There you go.  That's the prickly heart of the matter.  Life interrupted.  Left hanging, suspended and final.

Loneliness is lost.  Deeper than companionship so sweet and identifying is the wandering afterward.  I wander as I wonder.  What of life now?  This dark interlude.  Does it give way to something better?  Some place happier?  Will life again ever resemble the day lost?  Should it?

I am convinced ever so deeply that it will, but when, where, what and how, require trust and faith that is, in spots, thin.

This is nothing new.  I've been lonely since the moment she left.  Many steps through treacherous impasses have made me more honest and bare.  Being honest about being lonely feels good to me signaling stability and security.  Admitting to loneliness for me is saying that I do not know the way, I am searching for place to rest, I need people close to me more now.  I am more vulnerable.  I am weaker.  All signs of greater strength of lasting, guiding value.

Being lonely has never meant being desperate for companionship.  That will come just as soon as it again makes sense, and it will, but that is eternally secondary to finding my way now and discovering purpose in loneliness.  In loneliness, I find great strength.  In solitude, I find solidarity that I've not known before.  Because I need it, it is there.  Companionship with God.  The Author of life littering my path with his graces leading to shelter.  Covering me in storms. Finding me in fog.  Stabilizing me in turbulence.  Allowing me to hide when I need and breathe when I cannot.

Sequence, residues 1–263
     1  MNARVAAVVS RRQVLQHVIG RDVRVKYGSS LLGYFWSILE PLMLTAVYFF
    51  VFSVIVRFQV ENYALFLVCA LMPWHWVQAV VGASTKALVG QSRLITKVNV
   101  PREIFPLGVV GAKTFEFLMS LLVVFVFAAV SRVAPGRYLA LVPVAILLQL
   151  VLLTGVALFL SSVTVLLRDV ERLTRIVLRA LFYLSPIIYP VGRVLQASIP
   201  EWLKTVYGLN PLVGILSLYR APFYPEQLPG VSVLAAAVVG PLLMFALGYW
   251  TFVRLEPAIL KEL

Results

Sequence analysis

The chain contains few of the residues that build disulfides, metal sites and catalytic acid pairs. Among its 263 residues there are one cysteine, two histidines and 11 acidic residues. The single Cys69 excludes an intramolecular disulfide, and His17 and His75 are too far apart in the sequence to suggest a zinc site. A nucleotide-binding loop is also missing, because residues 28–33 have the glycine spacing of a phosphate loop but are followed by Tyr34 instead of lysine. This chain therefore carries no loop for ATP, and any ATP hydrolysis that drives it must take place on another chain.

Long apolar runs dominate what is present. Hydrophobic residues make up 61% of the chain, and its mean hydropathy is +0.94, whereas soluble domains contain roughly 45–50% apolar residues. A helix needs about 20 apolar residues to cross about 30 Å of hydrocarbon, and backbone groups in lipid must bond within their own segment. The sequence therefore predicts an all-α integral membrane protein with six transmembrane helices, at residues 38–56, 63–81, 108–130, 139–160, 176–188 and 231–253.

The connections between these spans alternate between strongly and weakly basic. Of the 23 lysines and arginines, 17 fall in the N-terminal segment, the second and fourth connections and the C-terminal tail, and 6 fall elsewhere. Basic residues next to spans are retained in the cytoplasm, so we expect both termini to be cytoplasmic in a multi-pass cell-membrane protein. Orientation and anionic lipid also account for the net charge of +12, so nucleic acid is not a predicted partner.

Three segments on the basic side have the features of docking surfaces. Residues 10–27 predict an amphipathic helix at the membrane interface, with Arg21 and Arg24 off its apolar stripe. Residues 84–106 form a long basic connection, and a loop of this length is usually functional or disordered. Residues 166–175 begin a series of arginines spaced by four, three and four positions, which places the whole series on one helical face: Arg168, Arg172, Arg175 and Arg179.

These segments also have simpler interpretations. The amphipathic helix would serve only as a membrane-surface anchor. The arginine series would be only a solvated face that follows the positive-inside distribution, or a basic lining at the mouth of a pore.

A real God finding me amidst real wrong in real life.  This is good and unique.  Dare I even think it, a blessing.

My prayer is that I always remember the bountifulness of these lonely nights leading me to stronger shelter.  One day, probably sooner than later, life will be settled wondrously and clean.  Fuller.  In that goodness, apart from this loneliness, may I always remember this couch, the silence, the distance and the ringing of questions.  For these are the beams of his shelter in which I dwell.